Ziegler believed he had multiple call points at Beaver Dam, and that his relationship there was strong. Phyllis Tratar, Beaver Dam's laboratory director at the time, was impressed with Ziegler's performance as a sales representative for Abbott. He spoke to her, and to the people in the laboratory, and was very good at following up.

In September 2005, MacGibbon received complaints concerning Ziegler's performance at Kenosha Hospital. (Ziegler Dep. Exs. 24 & 26; Ziegler Dep. 229:16-235:10.) Robert Hintzke ("Hintzke"), an ADD product specialist who had accompanied Ziegler on a call, sent an email informing MacGibbon that

"the call . . . should have been a 30 minute call to cover . . . four points, [but] the call went for more than two hours and the customer from my observation was very FRUSTRATED and [the customer] told [Ziegler] that we had to end the call. . . . [Ziegler] is not a take charge individual when it comes to being the leader of a sales call. [Ziegler] does not seem to get his thoughts organized/well prepared. [Ziegler] does not seem to bring much to a sales call when he does speak, lots of wasted conversation. .. . [Ziegler] just did not organize the call or people well, this was just a two hour waste of time. . . . Both [customers] find it to be a waste of time/uncomfortable when it comes to meeting with [Ziegler]. . . . [The customer] does not think that [Ziegler] is a take charge individual/sales representative."

(Ziegler Dep. Ex. 24, WK 000280.)

On September 13, 2005, MacGibbon forwarded Hintzke's email to Baldino and wrote, in part, that during a follow up visit to Kenosha Hospital she had determined that Ziegler was not "losing business for Abbott." (Id). However, she "suggested their decision to extend their relationship with Abbott is complicated by their lack of confidence in their rep." (Id.) "This may involve immediately transitioning the account to another rep." (Id.) She also wrote:

[t]his type of repeated feedback from [Ziegler's] customers is very concerning. Although he is meeting the commitments of the [TAP], observations continue to indicate he is not selling. I do not know how to coach someone to bring value to their accounts. As we near the end of the informal plan, I would like to discuss our next steps with you and Jay.

(Id.) (Emphasis added.) She did not tell Ziegler that he was meeting the commitments of TAP.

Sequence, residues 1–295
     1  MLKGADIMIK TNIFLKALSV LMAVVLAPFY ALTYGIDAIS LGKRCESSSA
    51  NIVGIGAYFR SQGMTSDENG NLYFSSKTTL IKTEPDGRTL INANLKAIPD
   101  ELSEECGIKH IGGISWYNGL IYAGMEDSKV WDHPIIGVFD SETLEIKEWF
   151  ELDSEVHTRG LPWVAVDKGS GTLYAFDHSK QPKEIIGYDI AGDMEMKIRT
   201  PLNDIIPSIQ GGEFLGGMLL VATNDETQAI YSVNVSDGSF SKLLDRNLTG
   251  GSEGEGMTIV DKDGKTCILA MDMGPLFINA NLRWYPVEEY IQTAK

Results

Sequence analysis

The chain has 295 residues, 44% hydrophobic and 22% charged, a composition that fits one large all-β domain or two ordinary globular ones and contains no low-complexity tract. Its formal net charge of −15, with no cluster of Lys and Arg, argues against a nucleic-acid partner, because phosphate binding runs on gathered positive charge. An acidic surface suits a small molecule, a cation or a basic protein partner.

The following day MacGibbon advised Ziegler of her concerns via email. Specifically, she informed Ziegler that:

[b]ased on feedback from the Abbott Specialist and the customer, your meeting was completely unsuccessful in making any progress with clinical chemistry. The customer felt there were several specific issues, which needed to be addressed. You were not prepared to drive the meeting to meet the customer's objectives. The customer felt the meeting should have taken 30-45 minutes, yet it continued for over 2 hours, without accomplishing anything. This caused a great deal of frustration for the customer and the Abbott team. This frustration was so obvious to the Abbott Hematology Specialist, he felt compelled to return to the lab and apologize to the customer for wasting their time. . . . [The customer] openly admitted [to MacGibbon] they felt [Ziegler] often d[id] not bring value to their meetings. They feel [Ziegler] d[id] not always understand their priorities and d[id] not tailor [his] meetings to address their priorities.

(Ziegler Dep. Ex. 26, WK 000238-239.)

The email to Ziegler, also stated "[h]owever, they do feel you are very dedicated to their facility and extremely responsive with any request. For this reason, they are comfortable working with you." (Id.) She informed Ziegler "[y]our informal plan is scheduled to conclude this Friday. Although you have demonstrated improvement, it has not been significant. After much consideration, I feel the most appropriate next step is to continue your improvement plan, by moving to formal Performance Improvement Plan ["PIP"]" (Id.) Baldino was copied on the email.

Also on September 14, 2005, MacGibbon accompanied Ziegler on a day of field travel and provided him with a report. (Ziegler Dep. Ex. 25 at WK 000059-62.) MacGibbon noted problems with Ziegler's performance on his sales calls. First, she remarked that on their call to Waukesha Memorial Ziegler had "no clear opening, as to the purpose of [their] meeting" with the director of purchasing for the lab. (Id. at WK 000059.) MacGibbon stated that the customer "seem[ed] confused by [Ziegler's] opening question" and that Ziegler "did not cover [his] planned agenda or use [his] high gain question." (Id.) At their next call that day, also at Waukesha Memorial, MacGibbon observed that Ziegler should have had "a clear opening outlining the objectives of the meeting" and that he could have "facilitated the flow of discussion more succinctly." (Id. at WK 000059-60.) However, she also commented that "[i]t was a very positive meeting and we accomplished our objectives." (Id. at WK 000060.)